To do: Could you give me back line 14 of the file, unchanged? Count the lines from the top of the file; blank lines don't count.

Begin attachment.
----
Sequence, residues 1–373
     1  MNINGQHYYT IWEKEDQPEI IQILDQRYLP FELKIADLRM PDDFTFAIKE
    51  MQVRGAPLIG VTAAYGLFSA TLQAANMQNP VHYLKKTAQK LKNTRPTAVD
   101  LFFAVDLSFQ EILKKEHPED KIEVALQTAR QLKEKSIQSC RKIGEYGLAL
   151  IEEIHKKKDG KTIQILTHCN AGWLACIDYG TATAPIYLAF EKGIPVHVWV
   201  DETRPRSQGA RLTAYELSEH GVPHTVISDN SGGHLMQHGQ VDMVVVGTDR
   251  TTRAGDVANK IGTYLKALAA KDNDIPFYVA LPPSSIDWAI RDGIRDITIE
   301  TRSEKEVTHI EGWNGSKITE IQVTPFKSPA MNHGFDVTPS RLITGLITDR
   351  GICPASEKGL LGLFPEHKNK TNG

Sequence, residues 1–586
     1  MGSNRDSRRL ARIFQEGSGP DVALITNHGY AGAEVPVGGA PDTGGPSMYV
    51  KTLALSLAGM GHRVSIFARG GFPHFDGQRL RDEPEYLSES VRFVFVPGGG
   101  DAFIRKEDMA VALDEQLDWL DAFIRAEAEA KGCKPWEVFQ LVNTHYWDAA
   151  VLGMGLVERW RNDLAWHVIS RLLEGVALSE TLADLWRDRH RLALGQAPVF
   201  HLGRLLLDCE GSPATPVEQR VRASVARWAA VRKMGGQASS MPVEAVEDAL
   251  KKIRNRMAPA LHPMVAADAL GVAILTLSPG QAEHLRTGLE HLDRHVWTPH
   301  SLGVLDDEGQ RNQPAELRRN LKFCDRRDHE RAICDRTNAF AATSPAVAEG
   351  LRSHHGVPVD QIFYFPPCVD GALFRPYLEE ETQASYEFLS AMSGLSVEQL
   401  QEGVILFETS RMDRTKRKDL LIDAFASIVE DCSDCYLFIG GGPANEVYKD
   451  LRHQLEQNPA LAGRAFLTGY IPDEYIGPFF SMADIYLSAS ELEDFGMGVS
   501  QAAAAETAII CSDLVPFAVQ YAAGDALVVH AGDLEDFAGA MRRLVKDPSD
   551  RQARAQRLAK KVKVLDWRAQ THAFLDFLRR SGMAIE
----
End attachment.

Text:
   151  VLGMGLVERW RNDLAWHVIS RLLEGVALSE TLADLWRDRH RLALGQAPVF